Let us close our story with two utterances of rare beauty. First, Bishop French's own request for prayer sent from Muscat to the band called "Watchers and Workers"--a prayer, be it noted, not for himself, but for the Arab race for whose evangelisation he laid down his life:
"I long for the prayers of your little band of intercessors offering this simple request, that, as the Arab has been so grievously a successful instrument in deposing Christ from His throne (for this long season only), in so many fair regions of the East ... so the Arab may, in God's good providence, be at least one of the main auxiliaries and reinforcements in restoring the Great King, and reseating Him on David's throne of judgment and mercy, and Solomon's throne of peace, and, above all, God's throne of righteousness."
And, secondly, the fine poem in which Archdeacon A. E. Moule commemorated the heroic Bishop:
In memory of
THOMAS VALPY FRENCH
[Church Missionary Intelligencer, July 1891, p. 510.]
WHERE Muscat fronts the Orient sun
'Twixt heaving sea and rocky steep,
His work of mercy scarce begun,
A saintly soul has fallen asleep:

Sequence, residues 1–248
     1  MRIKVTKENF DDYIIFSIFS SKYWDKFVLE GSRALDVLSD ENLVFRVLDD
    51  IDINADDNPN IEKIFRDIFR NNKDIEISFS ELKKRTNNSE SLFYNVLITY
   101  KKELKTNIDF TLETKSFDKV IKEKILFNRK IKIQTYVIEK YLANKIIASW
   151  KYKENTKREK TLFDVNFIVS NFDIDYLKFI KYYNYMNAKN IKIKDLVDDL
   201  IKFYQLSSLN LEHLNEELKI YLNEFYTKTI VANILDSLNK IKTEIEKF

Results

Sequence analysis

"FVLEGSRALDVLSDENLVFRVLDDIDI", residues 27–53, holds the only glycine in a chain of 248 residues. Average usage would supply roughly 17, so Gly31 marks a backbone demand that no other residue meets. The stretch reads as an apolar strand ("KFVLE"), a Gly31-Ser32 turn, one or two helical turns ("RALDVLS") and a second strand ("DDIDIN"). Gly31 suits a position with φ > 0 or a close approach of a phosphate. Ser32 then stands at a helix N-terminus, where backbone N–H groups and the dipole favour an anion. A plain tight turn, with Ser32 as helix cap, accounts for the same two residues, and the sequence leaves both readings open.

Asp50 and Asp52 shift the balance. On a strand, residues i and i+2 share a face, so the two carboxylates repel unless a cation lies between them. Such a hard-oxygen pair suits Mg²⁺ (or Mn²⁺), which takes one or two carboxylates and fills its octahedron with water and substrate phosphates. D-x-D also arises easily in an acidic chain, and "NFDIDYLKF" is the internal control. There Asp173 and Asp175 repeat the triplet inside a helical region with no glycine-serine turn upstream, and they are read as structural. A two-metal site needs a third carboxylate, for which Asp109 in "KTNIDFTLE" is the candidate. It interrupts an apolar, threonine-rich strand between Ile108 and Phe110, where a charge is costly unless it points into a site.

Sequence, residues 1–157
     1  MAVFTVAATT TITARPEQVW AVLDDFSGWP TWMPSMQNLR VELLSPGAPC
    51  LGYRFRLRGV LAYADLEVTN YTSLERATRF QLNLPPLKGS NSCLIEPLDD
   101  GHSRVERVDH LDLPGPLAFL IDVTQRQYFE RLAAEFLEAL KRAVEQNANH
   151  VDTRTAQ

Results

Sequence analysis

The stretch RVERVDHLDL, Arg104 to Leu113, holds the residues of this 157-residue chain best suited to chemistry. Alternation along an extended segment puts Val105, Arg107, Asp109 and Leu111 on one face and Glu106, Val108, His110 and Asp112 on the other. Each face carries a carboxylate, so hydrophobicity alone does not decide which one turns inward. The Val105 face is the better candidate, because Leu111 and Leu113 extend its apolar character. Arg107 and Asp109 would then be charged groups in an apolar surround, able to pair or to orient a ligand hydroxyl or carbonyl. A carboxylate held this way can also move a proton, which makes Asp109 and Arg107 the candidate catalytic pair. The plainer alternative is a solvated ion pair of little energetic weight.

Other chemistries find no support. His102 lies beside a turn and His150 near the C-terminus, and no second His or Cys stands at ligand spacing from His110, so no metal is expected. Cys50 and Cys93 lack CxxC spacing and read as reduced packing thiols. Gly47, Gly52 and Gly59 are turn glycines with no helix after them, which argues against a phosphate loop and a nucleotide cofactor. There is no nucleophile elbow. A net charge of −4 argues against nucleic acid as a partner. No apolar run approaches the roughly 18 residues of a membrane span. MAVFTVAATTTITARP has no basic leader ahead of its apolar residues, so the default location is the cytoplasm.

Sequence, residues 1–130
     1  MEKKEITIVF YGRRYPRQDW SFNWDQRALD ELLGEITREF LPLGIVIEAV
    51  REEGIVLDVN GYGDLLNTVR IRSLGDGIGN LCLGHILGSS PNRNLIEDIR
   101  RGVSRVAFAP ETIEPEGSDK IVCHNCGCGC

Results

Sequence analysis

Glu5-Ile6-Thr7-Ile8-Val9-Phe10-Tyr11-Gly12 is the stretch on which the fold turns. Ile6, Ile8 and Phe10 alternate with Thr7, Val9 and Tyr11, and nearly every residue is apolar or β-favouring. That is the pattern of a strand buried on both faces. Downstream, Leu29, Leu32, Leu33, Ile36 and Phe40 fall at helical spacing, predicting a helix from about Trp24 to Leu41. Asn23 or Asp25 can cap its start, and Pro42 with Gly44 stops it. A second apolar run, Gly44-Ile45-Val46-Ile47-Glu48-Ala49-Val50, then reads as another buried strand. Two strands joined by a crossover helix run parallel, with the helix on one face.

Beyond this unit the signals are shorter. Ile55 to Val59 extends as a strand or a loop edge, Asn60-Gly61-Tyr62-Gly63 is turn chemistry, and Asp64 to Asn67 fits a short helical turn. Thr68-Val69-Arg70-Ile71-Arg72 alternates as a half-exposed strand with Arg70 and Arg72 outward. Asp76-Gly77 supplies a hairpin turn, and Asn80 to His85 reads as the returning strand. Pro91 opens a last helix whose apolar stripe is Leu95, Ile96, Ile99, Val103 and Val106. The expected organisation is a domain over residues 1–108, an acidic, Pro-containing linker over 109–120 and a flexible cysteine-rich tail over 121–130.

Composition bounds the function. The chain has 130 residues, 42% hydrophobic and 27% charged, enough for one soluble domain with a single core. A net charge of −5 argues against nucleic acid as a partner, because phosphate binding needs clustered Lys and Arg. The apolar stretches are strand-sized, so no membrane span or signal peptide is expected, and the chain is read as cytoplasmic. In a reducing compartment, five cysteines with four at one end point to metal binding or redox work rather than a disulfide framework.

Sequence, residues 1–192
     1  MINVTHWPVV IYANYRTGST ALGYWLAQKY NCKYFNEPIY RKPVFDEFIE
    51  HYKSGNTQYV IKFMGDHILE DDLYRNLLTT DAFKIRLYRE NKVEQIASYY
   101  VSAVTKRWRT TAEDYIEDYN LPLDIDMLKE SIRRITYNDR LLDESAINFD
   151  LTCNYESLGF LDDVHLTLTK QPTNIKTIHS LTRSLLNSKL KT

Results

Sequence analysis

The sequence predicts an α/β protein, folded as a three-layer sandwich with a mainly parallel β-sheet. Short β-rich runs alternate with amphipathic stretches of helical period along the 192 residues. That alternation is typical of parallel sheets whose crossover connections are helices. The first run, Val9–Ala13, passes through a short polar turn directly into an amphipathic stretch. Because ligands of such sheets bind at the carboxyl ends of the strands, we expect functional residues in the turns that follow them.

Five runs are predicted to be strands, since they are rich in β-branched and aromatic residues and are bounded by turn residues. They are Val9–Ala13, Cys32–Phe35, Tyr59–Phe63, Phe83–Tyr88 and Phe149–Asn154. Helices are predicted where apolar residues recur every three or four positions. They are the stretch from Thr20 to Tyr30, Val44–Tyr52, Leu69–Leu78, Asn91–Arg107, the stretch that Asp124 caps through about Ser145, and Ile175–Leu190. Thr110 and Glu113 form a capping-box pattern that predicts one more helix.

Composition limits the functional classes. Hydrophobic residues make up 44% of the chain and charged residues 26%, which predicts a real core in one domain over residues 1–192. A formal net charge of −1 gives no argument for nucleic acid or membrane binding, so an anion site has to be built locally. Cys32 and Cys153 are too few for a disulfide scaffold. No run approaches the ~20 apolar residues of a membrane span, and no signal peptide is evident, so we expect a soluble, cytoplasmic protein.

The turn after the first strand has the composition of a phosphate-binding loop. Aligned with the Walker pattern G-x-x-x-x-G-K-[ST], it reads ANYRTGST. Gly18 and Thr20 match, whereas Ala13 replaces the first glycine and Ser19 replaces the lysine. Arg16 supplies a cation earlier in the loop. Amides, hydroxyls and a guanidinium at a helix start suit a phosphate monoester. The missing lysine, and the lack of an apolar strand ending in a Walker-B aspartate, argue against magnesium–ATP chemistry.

Who comes to lift the Cross instead?
Who takes the standard from the dead?
Where, under India's glowing sky,
Agra the proud, and strong Lahore,
Lift roof and gleaming dome on high,
His "seven-toned" tongue is heard no more:
Who comes to sound alarm instead?
Who takes the clarion from the dead?
Where white camps mark the Afghan's bound,
Prom Indus to Suleiman's range,
Through many a gorge and upland--sound
Tidings of joy divinely strange:
But there they miss his eager tread;
Who comes to toil then for the dead?
Where smile Cheltonian hills and dales,
Where stretches Erith down to shore
Of Thames, wood-fringed and fleck'd with sails,
His holy voice is heard no more.
Is it for nothing he is dead?
Send forth your children in his stead!
Far from fair Oxford's groves and towers,
Her scholar Bishop dies apart;
He blames the ease of cultured hours
In death's still voice that shakes the heart.
Brave saint! for dark Arabia dead!
I go to fight the fight instead!
O Eastern-lover from the West!
Thou hast out-soared these prisoning bars;
Thy memory, on thy Master's breast,
Uplifts us like the beckoning stars.
We follow now as thou hast led;
Baptize us, Saviour, for the dead!
A. E. M.